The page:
Thursday, 22 April 2010

So which blog did an Australian government ask Google to trash?

Article 19 of the Universal Declaration on Human Rights states that "everyone has the right to freedom of opinion and expression; this right includes freedom to hold opinions without interference and to seek, receive and impart information and ideas through any media and regardless of frontiers." Written in 1948, the principle applies aptly to today's Internet -- one of the most important means of free expression in the world. Yet government censorship of the web is growing rapidly: from the outright blocking and filtering of sites, to court orders limiting access to information and legislation forcing companies to self-censor content.

So it's no surprise that Google, like other technology and telecommunications companies, regularly receives demands from government agencies to remove content from our services. Of course many of these requests are entirely legitimate, such as requests for the removal of child pornography. We also regularly receive requests from law enforcement agencies to hand over private user data. Again, the vast majority of these requests are valid and the information needed is for legitimate criminal investigations. However, data about these activities historically has not been broadly available. We believe that greater transparency will lead to less censorship.

We are today launching a new
Government Requests tool to give people information about the requests for user data or content removal we receive from government agencies around the world. For this launch, we are using data from July-December, 2009, and we plan to update the data in 6-month increments. Read this post to learn more about our principles surrounding free expression and controversial content on the web.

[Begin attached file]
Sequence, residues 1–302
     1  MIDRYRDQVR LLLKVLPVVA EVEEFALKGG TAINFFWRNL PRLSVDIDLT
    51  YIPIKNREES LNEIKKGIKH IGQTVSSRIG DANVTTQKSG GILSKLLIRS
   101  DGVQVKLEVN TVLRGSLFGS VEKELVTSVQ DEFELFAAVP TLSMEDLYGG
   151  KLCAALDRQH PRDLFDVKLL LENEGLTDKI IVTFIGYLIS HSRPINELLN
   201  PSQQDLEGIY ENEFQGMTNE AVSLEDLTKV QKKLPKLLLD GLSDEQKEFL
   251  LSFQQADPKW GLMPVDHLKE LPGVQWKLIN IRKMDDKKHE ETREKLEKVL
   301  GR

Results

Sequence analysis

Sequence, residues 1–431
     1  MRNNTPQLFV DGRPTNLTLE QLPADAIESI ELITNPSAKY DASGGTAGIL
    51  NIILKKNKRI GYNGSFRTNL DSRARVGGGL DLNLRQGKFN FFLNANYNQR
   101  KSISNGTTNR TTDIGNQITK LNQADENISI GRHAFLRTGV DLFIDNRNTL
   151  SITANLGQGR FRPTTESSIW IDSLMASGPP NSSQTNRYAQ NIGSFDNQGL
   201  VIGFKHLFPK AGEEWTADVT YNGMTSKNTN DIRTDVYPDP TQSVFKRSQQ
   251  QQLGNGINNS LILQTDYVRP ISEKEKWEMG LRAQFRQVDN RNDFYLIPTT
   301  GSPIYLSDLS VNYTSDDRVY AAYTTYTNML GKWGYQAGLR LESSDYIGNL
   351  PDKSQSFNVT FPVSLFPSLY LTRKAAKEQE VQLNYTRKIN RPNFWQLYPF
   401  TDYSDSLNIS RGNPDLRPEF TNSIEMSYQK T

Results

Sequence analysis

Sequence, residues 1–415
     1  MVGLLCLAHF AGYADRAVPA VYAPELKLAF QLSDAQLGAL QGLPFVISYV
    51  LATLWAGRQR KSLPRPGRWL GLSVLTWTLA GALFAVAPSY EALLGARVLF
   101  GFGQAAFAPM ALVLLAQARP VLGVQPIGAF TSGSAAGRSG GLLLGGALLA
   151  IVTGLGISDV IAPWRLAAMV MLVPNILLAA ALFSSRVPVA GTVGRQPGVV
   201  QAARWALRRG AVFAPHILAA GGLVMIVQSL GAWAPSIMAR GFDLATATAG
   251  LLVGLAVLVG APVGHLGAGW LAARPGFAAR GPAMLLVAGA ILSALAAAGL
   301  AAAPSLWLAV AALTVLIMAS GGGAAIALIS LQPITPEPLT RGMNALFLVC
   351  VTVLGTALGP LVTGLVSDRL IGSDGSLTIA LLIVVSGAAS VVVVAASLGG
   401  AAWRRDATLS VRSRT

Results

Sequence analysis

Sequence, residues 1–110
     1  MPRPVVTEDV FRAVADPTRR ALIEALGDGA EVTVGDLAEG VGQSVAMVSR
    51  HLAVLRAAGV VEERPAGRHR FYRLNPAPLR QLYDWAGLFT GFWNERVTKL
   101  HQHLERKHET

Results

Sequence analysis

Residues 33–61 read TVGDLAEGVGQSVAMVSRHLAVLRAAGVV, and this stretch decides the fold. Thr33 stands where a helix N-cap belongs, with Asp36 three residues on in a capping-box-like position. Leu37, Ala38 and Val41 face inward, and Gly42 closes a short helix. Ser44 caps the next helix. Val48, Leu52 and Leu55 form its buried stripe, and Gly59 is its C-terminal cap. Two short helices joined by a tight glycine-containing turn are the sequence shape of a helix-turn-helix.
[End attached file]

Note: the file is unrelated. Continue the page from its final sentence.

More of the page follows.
Here is the raw data for Australian government requests received by Google between July 1, 2009 and December 31, 2009:
  • 155 data requests
  • 17 removal requests
    • 52.9% of removal requests fully or partially complied with.
    • 1 Blogger
    • 1 Geo (except Street View)
    • 1 Web Search
    • 14 YouTube
This data does not include any blocking requests or requests to remove child pornography and, the statistics primarily cover requests in criminal matters including information concerning Google user account details or products.

Which leaves an interesting question hanging in the air.
Which blog did the Rudd Government (or one of the state governments) ask Google to remove from the Internet and did Google comply?


Jacus Roden said...

My household has two blogs currently subject to court orders, and thus shut down, of the half dozen we currently own.
Apparently, criticism of thieving landlords, incompetent government and police officials is enough to get a court order to shut down websites.
We're currently fighting to have such court orders overturned.
By our estimation, 2% of the Google "data requests" relate to our case, and at least 2 of the takedowns.

davyg said...

this is quite disturbing.

Fungus the Photo! said...

I had thought it was

but it is back up.


is down!!!!!!

Fungus the Photo! said...